Mary Travers just died, and on ABC World News, what does the daughter here but “Puff, the Magic Dragon”? I’m singing along, and Lydia asks, “How do YOU know that song? I learned it in day care.” Well, dear, long before you heard it at school, I heard it on the radio.

ROG

The Walkers


My father’s first cousin Ruth was going through some old pictures at her mom Jessie’s house and I received this old picture from before I was born, even before my parents were married, circa 1948. She sent the pic to one of my sisters, and she forwarded it to me.

The men in the picture are Ruth’s father Earl Walker, my father’s eldest uncle; Morris Walker, uncle to both Ruth and my father; their aunt Jessie’s “friend”, Dick Wallace; and my father, Les Green.

Earl’s wife Jessie was called “Earl’s Jessie”, to distinguish her from Earl’s (and Morris’ and my grandmother Agatha’s) sister Jessie. I remember Earl quite well and Morris a fair amount, but Dick died before I was born.

From my sister Marcia’s collection:

My father (center) with his mother, Agatha (right). She was my first Sunday school teacher, and she taught me how to play canasta. She died when I was about 10. I have no idea who the others are, though the boy surely looks like a Walker.

This is the day before the date my father would have turned 83, and really, that’s all I’ve got.

ROG

Bleah

Tegan had a blogpost, the title and the sole content of which was “Bleah”. I can relate.

The daughter and I both are suffering our seasonal allergies. The ragweed count has been low, but the grass has been moderate, and three days ago, was high. More than anything, this affects the sleep. I might spend nine hours in bed, but the first hour I spend coughing. Then when I DO get up in the morning, I’m logy. Everything aches and the legs feel as though they weigh 1000 pounds apiece.

The wife was so concerned about the daughter that she took her to the doctor, who confirmed that it was allergies, not a cold, that she has been suffering from.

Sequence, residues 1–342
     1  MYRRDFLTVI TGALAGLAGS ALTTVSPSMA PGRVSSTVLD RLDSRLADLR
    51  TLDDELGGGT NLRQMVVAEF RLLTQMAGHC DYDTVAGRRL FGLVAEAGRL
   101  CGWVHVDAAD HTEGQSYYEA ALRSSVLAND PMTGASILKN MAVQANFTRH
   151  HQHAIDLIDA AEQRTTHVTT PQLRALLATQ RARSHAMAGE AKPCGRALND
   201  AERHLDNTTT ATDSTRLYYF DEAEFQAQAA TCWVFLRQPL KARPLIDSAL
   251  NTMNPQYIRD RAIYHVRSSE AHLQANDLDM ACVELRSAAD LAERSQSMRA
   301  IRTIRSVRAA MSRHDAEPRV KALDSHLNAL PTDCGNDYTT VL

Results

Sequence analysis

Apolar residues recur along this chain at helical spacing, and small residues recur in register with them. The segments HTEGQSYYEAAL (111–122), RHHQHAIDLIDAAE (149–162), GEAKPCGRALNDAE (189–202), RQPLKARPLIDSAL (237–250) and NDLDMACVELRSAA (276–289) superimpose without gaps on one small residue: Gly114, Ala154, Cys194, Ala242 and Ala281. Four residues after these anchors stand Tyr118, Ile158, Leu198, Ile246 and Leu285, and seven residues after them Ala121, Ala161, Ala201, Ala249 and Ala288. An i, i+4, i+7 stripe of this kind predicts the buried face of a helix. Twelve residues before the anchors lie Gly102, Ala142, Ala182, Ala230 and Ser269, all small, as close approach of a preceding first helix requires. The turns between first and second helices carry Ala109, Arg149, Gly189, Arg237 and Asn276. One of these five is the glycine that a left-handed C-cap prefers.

My work computer I’ve had to shut down at least once every single workday for the past week and a half. And Ctrl-Alt-Del doesn’t work; I have to hard boot it. Seems to have something to do with Adobe.

At home, every time I go back to the computer, there is an “unresponsive script”, even when I’m looking at something not very graphical, such as my Gmail. I seem to have downloaded an unauthorized version of Windows somehow; “You may be a victim of software counterfeiting,” I’m told by my computer. I got a replacement printer, but it isn’t recognized by the computer.

And I put air in the bike tire on Thursday, but by Sunday, it was flat; now I need to take it to the shop, because I don’t know what’s wrong.

The good thing about feeling lousy is that I get more work done in the office. I have to concentrate really hard on what I’m doing, lest I lose track, and the bottom line is that I’m more efficient because I’m necessarily more focused.

I’ll miss choir rehearsal tonight, so I can attend this, but that’s not all bad, since my throat’s so scratchy, I can’t sing a thing right now anyway.

So, bleah. Regular blogging will return tomorrow. Guaranteed, actually, since it’s already done. Then Saturday’s done in my head. Sunday, I answer questions.

This too shall pass.

ROG

That Equinox Tradition! Ask Roger Anything!